Finally ‘in the mix’
“These days, we already have hit series featuring Filipino characters, like ‘The Unusual Suspects.’ But at the time, Filipinos were hardly included ‘in the mix.’ In my case, it took me 11 years to finally be included ‘in the mix.’ In ‘No Escape,’ I’m playing a Filipino, first and foremost—so the role means a lot to me!”
When we asked the actor how he got attached to the project, Jake recalled being at a film festival in LA, where “The Monsters Without,” his sci-fi fantasy film for director Randal Kamradt set in Biliran before the pandemic, was chosen as an entry.
“I was helping promote the movie with Randal at that festival in 2021 when my agent called me. He asked what I was doing from March to September in 2022. I didn’t even know what it was for, but I told him, ‘Yes, for work.’
“I didn’t hear from the casting director about the official offer till the end of that year. He gave me the character breakdown, and I saw the name [Captain, later Colonel] Justin Reyes—and I said, ‘Wow! Sino ’to (laughs)?’
But what was it about Colonel Reyes’ story and personality that appealed to Jake?
Explaining at length, the seasoned actor said, “I have had the opportunity to work with a lot of foreigners making musicals outside the Philippines. But I’ve also had the opportunity to invite my friends who are foreigners to come here and see how they change when they come to Asia—they want to let loose and f*ck up.
“You know, I was the same when I went to Germany (for ‘Miss Saigon,’ etc.). Sometimes, when that happens, you want to ‘police’ them and call them out when they do something they shouldn’t. So, in a way, I could identify with Colonel Reyes’ story and his conviction to right some wrongs and get to the truth.”
Asked what’s fueling his character to go to great lengths to get to the bottom of things, Jake mused: “Reyes’ story will eventually be unraveled, but obviously, the stakes become very high for him because at the heart of this character is his family.
“A later episode with a 10-minute sequence will show how I am as a family man, and this will make viewers understand why I need to go to Australia. You don’t see me in the first three episodes, but once I step in, you’ll see why Reyes needed to do what he did.”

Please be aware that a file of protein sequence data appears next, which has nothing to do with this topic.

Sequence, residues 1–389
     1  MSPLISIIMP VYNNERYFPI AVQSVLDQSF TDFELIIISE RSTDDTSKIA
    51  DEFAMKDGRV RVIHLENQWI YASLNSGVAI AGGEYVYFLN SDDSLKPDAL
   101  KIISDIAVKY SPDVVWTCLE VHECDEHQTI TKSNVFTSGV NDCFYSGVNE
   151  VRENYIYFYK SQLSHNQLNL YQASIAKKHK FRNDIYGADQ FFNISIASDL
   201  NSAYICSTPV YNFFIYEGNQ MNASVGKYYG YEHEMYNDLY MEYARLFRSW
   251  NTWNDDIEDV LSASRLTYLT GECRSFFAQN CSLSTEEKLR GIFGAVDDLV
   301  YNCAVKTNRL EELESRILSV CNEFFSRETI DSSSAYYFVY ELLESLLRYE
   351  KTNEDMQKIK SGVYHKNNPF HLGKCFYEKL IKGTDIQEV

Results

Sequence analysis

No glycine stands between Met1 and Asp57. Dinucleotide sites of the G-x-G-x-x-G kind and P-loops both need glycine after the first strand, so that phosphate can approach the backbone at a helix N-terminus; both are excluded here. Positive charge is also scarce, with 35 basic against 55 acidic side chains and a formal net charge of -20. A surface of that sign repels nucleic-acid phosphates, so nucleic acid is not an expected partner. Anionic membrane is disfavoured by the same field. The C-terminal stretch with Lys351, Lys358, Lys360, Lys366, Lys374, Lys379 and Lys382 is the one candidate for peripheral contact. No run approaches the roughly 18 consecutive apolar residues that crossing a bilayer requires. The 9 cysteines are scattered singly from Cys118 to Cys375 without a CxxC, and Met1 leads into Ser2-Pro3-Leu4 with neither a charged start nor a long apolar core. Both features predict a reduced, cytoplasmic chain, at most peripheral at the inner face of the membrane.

Tribute to Filpino actors
In terms of Filipino representation, the series is significant for the actor because it’s “an accumulation of the great strides” taken by those who came before him.
“I just want to pay tribute to the people who helped open doors and broke glass ceilings for Filipino actors today,” Jake said. “I remember watching Bembol Roco and other Pinoys in ‘The Year of Living Dangerously,’ ‘A Dangerous Life’ and other international projects that were filmed here.
“They were significant because we saw ourselves in those productions. They made us realize that, suddenly, it was possible to aspire for a seat at the table. I want to be represented. So, when I see people like Dolly de Leon or John Arcilla paving the way for others, I also want to pay it forward and honor them for such feats.”
What has Jake taken away from his experience of being in the series?
“My takeaway from this is just how fortunate I am that, at age 56, I can still play in this field internationally. I feel lucky that I’m able to work with people who are talented—that’s my biggest takeaway from this.
“Sometimes, I pinch myself because, with projects like ‘No Escape,’ I’m able to realize my childhood dreams. Now I’m living the dream.”